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Green Bay Packers Seven-Round Mock: Running Back in the Fifth

The Packers need a complement to Ty Montgomery in the backfield. Chances are, it will be a big guy who can block and catch.

This is Part 5 of our Green Bay Packers seven-round mock draft. Our picks for the first four rounds were vetted by three NFL scouts to make sure our selections have a good chance of being available. Picks in the final three rounds are being based on a combination of player rankings at NFL Draft Scout and Optimum Scouting and the opinions of two scouts.

In our mock, the Packers replaced T.J. Lang in the first round and filled critical needs at cornerback in the second round and outside linebacker in the third round. We added another cornerback in the fourth round.

With Green Bay's selection n the fifth round, it’s time to get a running back.

The Packers haven’t drafted a running back since 2013, when they landed Eddie Lacy in the second round and Johnathan Franklin in the fourth round.

Coach Mike McCarthy covets three-down backs. That’s something he reiterated at the NFL owners meetings in Phoenix on Wednesday. The Packers also covet size. Power runners, after all, are key during bad-weather/bad-field games in December and January. General manager Ted Thompson hasn’t always drafted big runners. Howver, when he drafted Brandon Jackson (5-10, 210) in 2007, he had Ryan Grant (6-1, 222). Franklin (5-10, 205) came after Lacy (5-11, 231).

Ty Montgomery isn’t exactly small at 6-foot and 216 pounds, but he has to prove he’s got the durability to pound the ball between the tackles 10 or 12 times a game. That means Thompson will likely go into this draft seeking a big runner who can catch and protect.

Pittsburgh’s James Conner (6-1, 233; 4.65 at Combine) and Wyoming’s Brian Hill (6-1, 219; 4.54 at Combine) were considerations in the fourth round. Asked about the odds that either would make it to the Packers’ spot at No. 174, a scout said. “If forced to guess, I’d say ‘no’ on both, but you know how backs tend to fall.”

Conner is one of the great stories in the draft. In 2014, he was a first-team All-American with 1,765 rushing yards and a school-record 26 rushing touchdowns. Conner, however, tore his MCL in the 2015 opener and sat out the rest of the season. Conner was winded during his rehab. His face was puffy. On Thanksgiving 2015, he was diagnosed with cancer. Twelve rounds of chemotherapy later, he beat the disease and rushed for 1,092 yards (5.1 average) and caught 21 passes (14.4 yards per catch). He had only one fumble.

“I ask the coaches, ‘What do you guys want in a RB?’ They want a tough guy," Conner said at the Scouting Combine. "My mental toughness and my physical toughness, I feel, is second to none. I just been through so much and I think I’m more determined than any running back in this class and just willing to make sacrifices and do whatever it takes.”

Hill piled up 1,631 yards (5.8 average) as a sophomore and 1,860 yards (5.3 average) as a junior before turning pro, well aware of the wear and tear of 775 carries. The major question mark are his eight catches last season, though it should be noted Wyoming ran the ball 62.5 percent of the time. He did have 20 grabs (6.6 yards per catch) as a sophomore. Hill had only one fumble.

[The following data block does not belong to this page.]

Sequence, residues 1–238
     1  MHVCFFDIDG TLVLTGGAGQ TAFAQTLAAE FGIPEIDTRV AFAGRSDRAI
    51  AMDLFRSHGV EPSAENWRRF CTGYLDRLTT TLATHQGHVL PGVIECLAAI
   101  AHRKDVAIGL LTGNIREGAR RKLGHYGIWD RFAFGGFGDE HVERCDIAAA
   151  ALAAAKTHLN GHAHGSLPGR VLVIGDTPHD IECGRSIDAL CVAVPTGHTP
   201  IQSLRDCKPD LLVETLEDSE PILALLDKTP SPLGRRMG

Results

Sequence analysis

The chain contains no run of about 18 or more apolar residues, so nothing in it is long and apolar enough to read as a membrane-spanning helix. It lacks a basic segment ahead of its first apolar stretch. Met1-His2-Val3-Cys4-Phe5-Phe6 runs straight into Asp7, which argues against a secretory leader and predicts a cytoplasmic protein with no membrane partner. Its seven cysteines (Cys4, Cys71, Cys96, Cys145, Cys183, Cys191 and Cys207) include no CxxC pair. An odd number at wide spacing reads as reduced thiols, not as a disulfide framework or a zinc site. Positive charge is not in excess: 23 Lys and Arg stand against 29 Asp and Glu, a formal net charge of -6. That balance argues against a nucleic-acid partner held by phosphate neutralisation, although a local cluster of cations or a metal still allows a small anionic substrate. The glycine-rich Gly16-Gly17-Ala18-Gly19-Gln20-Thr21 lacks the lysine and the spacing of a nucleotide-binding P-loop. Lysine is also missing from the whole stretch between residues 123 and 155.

“Honestly, if I’m giving a scouting report on myself, I’m going to say; I’m the best running back in this class,” he said at the Combine. “I have the hands, I run the ball well, and I’m really active in the pass protection game. I’m one of the few all-around backs in the draft class.”

If both backs are gone, the next-best big backs would be North Carolina’s underrated Elijah Hood (6-0, 232; 4.58 at pro day) and Wisconsin’s Corey Clement (5-10, 220; 4.68 at Combine).

Hood rushed for 1,463 yards (6.7 average) and 17 touchdowns as a sophomore. He split time with fellow draft prospect T.J. Logan as a junior and rushed for 858 yards (5.9 average) and eight touchdowns. His three-year total was 2,580 yards (6.0 average) and 29 touchdowns. He caught a career-high 25 passes (5.7 yards per catch) in 2016. Hood fumbled twice.

Clement tallied career highs with 1,375 rushing yards (4.4 average) and 15 touchdowns as a senior. He had eight 100-yard rushing games, including career-high games of 164 yards against powerhouses Ohio State and Penn State. He finished his career with 3,092 rushing yards (5.4 average) and 36 touchdowns. However, he didn’t play on third down for the Badgers and had only 29 career catches, with 12 (11.0 yards per catch) as a senior. Plus, he had five fumbles.

Also part of the equation is pass protection. Based on Pro Football’s breakdown, Hood was easily the best in our group of four, followed by Hill, Clement and Conner. Clement and Conner, in fact, were terrible, though they have the size to improve in that key phase.

Who’s the pick? If all four were available, my order of preference would be Hill, Hood (close second), Conner (close third) and Clement (distant fourth).

Bill Huber is publisher of and has written for Packer Report since 1997. E-mail him at or leave him a question in Packer Report’s subscribers-only Packers Pro Club forum. Find Bill on Twitter at

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